A note to all moms raising teenagers

I was hanging in my kitchen having fun (or doing dishes) on an ordinary Sunday night. My 16-year-old daughter walked past me as if she was on her way out.

“Where are you going?” I asked.

“I’m going to the movies,” she said, with a little bit of attitude.

“It’s 10 p.m. You can’t go.” I said, with the utmost confidence that the discussion was going to end here.

“I’m going,” she boldly stated, a bit uncharacteristically.

“First of all, the question is, ‘Can I go?’ Second of all, there is a city curfew.” I said thinking that was the end of the discussion, or so I thought.

“I don’t care. I’m going,” as she grabbed the keys and headed for the door.

Shocked and furious, my blood pressure was rising and my heart was pounding. I chased after her and started with the least effective response—a threat.

“If you leave, you won’t drive again for a very long time.”

She dug her heels in. I dug my heels in. And I watched as her legs continued to move toward the door. Many thoughts were racing through my head, some sane, some crazy. Before I could control the impulse, I wrestled her to the ground for the keys. I often get a laugh with that line, and then I clarify that I actually wrestled her to the ground.

I was beyond furious; I did not know how to handle this overt defiance. My children had always shown what seemed like a typical amount of disagreement and conflict, but I hadn’t yet experienced this bold, in my face, rebellion. Everyone had always either followed the rules, or broken them surreptitiously.

I felt unhinged and needed help, so I called my wise and practical parenting coach Amy to set up an emergency appointment for my daughter. After listening to my rant about my insolent, irreverent kid, she said,

“Let’s talk about how you will handle this when it happens again.”

AGAIN? AGAIN? This is going to happen again?

She told me that my daughter ‘s behavior was developmentally appropriate—she was supposed to individuate and test the boundaries. Amy also said it was great my daughter would be able to stand up for herself in a relationship that wasn’t working.

That last comment really made me feel awful. I hadn’t considered any positive aspect to her audacity. Yet outside of our relationship, I would never want to diminish my daughter’s assertiveness.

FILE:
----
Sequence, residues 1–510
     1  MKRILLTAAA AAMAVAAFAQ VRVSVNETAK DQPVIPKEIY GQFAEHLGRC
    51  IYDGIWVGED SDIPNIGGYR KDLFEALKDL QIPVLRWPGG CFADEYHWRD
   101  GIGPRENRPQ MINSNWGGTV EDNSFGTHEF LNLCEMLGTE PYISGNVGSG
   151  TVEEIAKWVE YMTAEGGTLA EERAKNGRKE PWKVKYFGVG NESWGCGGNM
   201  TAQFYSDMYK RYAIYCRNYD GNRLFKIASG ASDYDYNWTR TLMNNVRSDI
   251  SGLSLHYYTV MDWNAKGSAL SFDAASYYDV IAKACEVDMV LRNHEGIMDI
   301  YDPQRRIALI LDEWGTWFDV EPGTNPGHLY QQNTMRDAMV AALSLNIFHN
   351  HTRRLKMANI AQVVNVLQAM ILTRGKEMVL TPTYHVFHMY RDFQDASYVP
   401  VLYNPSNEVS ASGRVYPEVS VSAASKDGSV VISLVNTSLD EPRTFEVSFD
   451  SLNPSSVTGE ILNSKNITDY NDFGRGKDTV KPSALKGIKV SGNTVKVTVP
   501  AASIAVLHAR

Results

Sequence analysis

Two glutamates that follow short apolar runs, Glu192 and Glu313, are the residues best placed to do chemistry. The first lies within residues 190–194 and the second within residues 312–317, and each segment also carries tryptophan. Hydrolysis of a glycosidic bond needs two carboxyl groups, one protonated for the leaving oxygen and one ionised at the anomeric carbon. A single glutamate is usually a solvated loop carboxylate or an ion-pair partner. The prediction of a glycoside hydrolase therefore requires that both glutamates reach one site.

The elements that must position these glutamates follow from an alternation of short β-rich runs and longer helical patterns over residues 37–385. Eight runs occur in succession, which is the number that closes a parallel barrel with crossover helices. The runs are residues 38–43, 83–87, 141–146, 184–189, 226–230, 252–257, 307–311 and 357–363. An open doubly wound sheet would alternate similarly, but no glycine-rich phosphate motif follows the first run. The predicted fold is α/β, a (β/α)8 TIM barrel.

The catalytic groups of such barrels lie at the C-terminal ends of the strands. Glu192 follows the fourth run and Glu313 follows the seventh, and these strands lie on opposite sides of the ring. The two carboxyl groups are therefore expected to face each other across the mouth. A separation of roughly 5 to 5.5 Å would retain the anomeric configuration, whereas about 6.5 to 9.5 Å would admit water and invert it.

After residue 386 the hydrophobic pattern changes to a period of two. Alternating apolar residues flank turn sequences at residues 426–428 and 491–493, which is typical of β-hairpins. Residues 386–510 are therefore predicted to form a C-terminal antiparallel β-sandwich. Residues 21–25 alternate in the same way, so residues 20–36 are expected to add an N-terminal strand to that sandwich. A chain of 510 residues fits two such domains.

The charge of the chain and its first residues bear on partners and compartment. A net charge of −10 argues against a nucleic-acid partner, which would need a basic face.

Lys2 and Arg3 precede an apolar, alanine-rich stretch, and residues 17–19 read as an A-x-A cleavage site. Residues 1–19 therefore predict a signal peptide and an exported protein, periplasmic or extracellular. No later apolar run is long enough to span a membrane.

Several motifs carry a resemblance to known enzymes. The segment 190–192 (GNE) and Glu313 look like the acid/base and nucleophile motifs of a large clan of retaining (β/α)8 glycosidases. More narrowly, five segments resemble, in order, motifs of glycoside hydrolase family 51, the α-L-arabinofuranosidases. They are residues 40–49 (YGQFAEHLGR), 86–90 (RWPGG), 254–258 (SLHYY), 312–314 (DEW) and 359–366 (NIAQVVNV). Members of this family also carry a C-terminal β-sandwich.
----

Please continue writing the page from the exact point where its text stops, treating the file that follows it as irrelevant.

Amy said it was my job was to learn a new response that offered my daughter options and consequences—an alternative to the empty threat that she would never, ever drive again.

Option #1—Ask your mother

I am in charge of keeping you safe. The curfew is also there to keep you safe. If you leave the house now, I will not be able to do my job and will need to find someone who can step in to make sure you are safe. If you leave, I will enlist the assistance of the police to help keep you safe.

Option #2—Restrict privileges

You can take the car without my permission. Then tomorrow we can talk about restricted driving privileges, or you can go over to a friend’s house and agree to come home by curfew.

I knew I would never adopt option one, so I considered how I would actually say the words in option two.

The next day, my sullen daughter said (with that “I hate you” tone) she needed the car to borrow a book for school. With measured breathing and trying to channel Amy, I said there were three choices.

  1. She could take the car to get the assignment, return directly home and hand me the keys.
  2. She could walk to get the assignment.
  3. She could ask the friend to drop it off.

She chose the first. She grabbed the keys from me, took the car, returned, threw the keys on my desk, and stormed off while mumbling some obscenity under her breath.

Amy had warned me this might happen. When kids cooperate with our invitation to make a choice, they will feel powerless and grasp at regaining some hint of power, saving some measure of dignity. Amy’s example was walking away and swearing under their breath. I was prepared for the swearing and was able to ignore her disrespectful response. I did see the benefit of ignoring the muttering; rather than enflame the rage, I had successfully deflated it, but it wasn’t easy for me.

Honestly, I did resent that the onus was on me. I wanted permission to rant and lose control and punish. But in the midst of testing restraint, I had a sudden flashback of myself as a teenager. I remembered my rage and hatred when my father rendered me powerless. And then it all came flooding back:

“While you are in my house, you will do as I say.” “The room where you sleep is in MY house so that room is mine too.”

I remembered feeling trapped and powerless. And suddenly I softened. I vowed never to be that kind of a parent, but I had behaved that way nonetheless.

Fortunately, a gifted professional suggested that I try a different script, and it really worked. I am forever grateful for how she helped my relationship with my daughter.

For my fellow moms out there traveling the rocky journey known as the teenage years, how do you handle rebellious situations with your teen?

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Susan Borison

Susan Borison has five children, three out of college, one in college, one a freshman in high school. On the job training wasn’t working so well for Susan (or her kids) as adolescence approached, so she went in search of a parenting magazine for parents of teenagers. Shockingly, magazines were targeting parents of babies and young children. Left with no choice, Susan decided to create the magazine she was looking for. Nine years later, she can say with no doubt that she is a better parent because of Your Teen for Parents. (She’s not certain whether her children agree.)

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